The University of Arizona

CCASS Partners | CCASS

Highlights

A new website focused on Scenario Planning for Climate Adaptation, adaptationscenarios.org, has been developed by CCASS and the DOI Southwest Climate Science Center. 

About Us

CCASS/NNCAP welcomes Valerie Small!

Dr. Valerie Small (Apsaalooke'-Crow) has joined the Native Nations Climate Adaptation Program as an Assistant Research Scientist. Dr. Small will be working with Tribes in the Southwest Region in collaboration with CCASS and NNCAP within the Institute of the Environment as well as the Southwest Climate Science Center (SW CSC). She will develop and deliver educational training modules to increase their environmental technical capacity in preparing for, as well as predicting near-term/future effects of climate change.

Prior to joining the UA, Valerie was a training consultant with Colorado State University, Natural Resource Ecology Lab (NREL), working with the North Central Climate Science Center. Her experience includes developing and conducting training and research to support North American Indigenous Tribes adaptation planning efforts to prepare for the effects of a warming climate.  

CCASS Partners

Non-UA organizations and institutions that are actively collaborating with CCASS Associates and Advisors:

Acclimatise is a specialist consulting, communications and digital application company providing world-class expertise in climate change adaptation and risk management. It bridges the gap between the latest scientific developments and real world decision-making, helping clients to introduce cost-effective measures to build climate resilience into their strategies, processes and activities.

Adaptation International focuses on helping communities, organizations, and businesses prepare for the impacts of climate change. We specialize in bridging the gap between climate change science and community action by conducting climate vulnerability assessments and helping our clients develop the tools and strategies necessary to respond to a changing climate.

The Agnese Nelms Haury Program in Environment and Social Justice supports an array of programming to further research, education, and partnerships for socially just solutions to environmental problems, focusing on environmental and social justice issues of the Southwest border region.

 

A partnership of the Udall Center for Studies in Public Policy at the University of Arizona, Centro de Cambio Global at Pontificia Universidad Católica de Chile, and the Inter-American Institute for Global Change Research, AQUASEC focuses on water security and adaptive management across the Americas.

Conducts climate, water, and decision research and develops innovative tools to bridge the boundary between scientists and decision makers for the sustainable future of Greater Phoenix.

Through collaborative partnerships, the Desert LCC seeks to provide scientific and technical support, coordination, and communication to resource managers and the broader Desert LCC community to address climate change and other landscape-scale ecosystem stressors.

The National Climate Assessment Network (NCAnet) is a network of organizations working with the US Global Change Research Program's National Climate Assessment to engage producers and users of assessment information across the United States. Partners work in a variety of sectors, including academia and education, business and industry, government, faith, environmental advocacy, tribal, and professional societies.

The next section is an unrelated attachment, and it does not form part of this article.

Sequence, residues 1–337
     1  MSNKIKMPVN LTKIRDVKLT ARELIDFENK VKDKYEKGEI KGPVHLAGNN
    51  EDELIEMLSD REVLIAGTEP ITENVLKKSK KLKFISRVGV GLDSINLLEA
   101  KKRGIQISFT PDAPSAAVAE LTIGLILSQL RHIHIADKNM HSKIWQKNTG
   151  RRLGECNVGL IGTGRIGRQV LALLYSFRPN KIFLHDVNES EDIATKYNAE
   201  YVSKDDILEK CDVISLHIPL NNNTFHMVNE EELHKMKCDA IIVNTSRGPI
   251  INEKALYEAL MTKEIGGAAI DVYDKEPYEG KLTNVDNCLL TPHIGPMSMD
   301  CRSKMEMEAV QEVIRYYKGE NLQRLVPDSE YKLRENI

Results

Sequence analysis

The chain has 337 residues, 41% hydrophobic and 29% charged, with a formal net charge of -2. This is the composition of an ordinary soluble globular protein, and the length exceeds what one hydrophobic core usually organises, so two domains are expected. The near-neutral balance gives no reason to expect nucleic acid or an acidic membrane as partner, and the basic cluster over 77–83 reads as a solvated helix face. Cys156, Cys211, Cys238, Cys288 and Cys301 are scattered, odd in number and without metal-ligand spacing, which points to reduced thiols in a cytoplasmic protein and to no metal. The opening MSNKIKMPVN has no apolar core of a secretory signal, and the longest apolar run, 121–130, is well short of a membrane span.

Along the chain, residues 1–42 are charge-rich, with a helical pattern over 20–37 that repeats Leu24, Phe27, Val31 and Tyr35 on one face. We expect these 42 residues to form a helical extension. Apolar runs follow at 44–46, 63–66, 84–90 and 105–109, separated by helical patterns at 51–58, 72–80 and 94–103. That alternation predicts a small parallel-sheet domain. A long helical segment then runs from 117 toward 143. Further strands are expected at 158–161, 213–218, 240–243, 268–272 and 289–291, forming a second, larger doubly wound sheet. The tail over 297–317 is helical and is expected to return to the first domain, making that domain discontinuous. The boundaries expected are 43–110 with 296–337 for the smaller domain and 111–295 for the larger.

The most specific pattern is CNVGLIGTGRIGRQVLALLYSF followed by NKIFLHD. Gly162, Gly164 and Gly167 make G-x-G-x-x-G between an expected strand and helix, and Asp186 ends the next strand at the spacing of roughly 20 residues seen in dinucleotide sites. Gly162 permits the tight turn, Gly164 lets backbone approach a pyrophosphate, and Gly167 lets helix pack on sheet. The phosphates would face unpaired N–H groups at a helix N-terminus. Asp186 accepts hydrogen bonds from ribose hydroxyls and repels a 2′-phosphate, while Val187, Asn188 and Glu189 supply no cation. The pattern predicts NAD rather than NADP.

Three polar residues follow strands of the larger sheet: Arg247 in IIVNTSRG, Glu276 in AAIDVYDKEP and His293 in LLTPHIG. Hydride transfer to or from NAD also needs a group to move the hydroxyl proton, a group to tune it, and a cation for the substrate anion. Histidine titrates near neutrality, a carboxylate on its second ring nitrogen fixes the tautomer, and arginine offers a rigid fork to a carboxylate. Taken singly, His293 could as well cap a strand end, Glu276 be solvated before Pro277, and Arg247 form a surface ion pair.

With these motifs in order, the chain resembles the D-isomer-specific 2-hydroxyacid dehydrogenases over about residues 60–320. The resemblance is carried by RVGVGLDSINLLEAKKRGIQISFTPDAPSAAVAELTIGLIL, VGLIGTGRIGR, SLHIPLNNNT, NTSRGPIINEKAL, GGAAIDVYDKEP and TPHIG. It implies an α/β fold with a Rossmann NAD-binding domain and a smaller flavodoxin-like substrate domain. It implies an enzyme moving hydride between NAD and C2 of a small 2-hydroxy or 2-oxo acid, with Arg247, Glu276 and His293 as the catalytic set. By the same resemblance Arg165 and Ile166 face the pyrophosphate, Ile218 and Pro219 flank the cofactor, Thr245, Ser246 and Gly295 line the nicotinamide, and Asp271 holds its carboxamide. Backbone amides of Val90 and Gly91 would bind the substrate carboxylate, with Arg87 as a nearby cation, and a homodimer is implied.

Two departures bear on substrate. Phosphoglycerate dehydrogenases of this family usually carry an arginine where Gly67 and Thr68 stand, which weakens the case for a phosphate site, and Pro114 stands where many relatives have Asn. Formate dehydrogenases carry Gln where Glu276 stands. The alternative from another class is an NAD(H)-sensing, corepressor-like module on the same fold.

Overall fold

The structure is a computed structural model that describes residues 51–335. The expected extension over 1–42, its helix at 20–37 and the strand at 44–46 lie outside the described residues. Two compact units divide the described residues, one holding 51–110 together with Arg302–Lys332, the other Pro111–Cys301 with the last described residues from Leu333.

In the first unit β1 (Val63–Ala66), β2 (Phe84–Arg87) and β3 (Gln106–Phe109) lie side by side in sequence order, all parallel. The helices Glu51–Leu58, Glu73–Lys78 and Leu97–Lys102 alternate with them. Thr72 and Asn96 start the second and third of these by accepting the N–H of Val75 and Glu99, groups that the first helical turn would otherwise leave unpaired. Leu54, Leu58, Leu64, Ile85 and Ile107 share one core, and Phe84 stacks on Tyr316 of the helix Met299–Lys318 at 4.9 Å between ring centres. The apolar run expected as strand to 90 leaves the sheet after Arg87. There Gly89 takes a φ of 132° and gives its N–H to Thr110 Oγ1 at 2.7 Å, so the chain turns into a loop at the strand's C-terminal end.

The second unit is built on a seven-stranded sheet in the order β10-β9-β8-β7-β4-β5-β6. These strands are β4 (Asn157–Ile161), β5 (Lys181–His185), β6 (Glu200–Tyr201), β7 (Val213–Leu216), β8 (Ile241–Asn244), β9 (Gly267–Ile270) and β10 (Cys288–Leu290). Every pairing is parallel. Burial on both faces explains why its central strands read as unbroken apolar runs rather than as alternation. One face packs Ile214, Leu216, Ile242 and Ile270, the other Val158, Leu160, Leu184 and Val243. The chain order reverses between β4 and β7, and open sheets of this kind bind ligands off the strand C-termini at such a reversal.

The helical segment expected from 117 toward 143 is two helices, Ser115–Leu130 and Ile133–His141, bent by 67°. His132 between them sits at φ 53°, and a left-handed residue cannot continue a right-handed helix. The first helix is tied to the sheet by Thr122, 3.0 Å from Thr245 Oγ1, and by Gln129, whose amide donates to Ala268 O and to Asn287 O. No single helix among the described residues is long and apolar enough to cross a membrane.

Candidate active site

NOAA's Climate Program Office manages competitive research programs in climate science, assessments, decision support research, outreach, education, and capacity-building activities designed to advance our understanding of Earth’s climate system and foster the application of this knowledge in risk management and adaptation efforts. Its Regional Integrated Sciences and Assessments (RISA) program supports research teams that help expand and build capacity to prepare for and adapt to climate variability and change.

The Southwest Climate Science Center is part of a network of eight CSCs created to provide scientific information, tools, and techniques that managers and other parties interested in land, water, wildlife and cultural resources can use to anticipate, monitor, and adapt to climate change. It is hosted by the Southwest Climate Alliance, which includes: University of Arizona, Tucson; University of California, Davis; University of California, Los Angeles; Desert Research Institute, Reno; University of Colorado, Boulder; and the Scripps Institution of Oceanography at the University of California, San Diego. 

The University Corporation for Atmospheric Research  is a consortium of more than 100 member colleges and universities focused on research and training in the atmospheric and related Earth system sciences. Its members set directions and priorities for the National Center for Atmospheric Research, which UCAR manages with sponsorship by the National Science Foundation. 

The U.S. Agency for International Development (USAID) is the lead U.S. Government agency that works to end extreme global poverty and enable resilient, democratic societies to realize their potential. USAID provides funding for the Internatioanl Research Applications Program (IRAP), a joint project of the University of Arizona and the International Research Institute for Climate and Society at Columbia University.

The Western Regional Climate Center at the Desert Research Institute provides a repository of historical climate data and information; disseminates high quality climate data and information pertaining to the western United States; engages in applied research related to climate issues; conducts and coordinates climate-related activities at state, regional and national scales.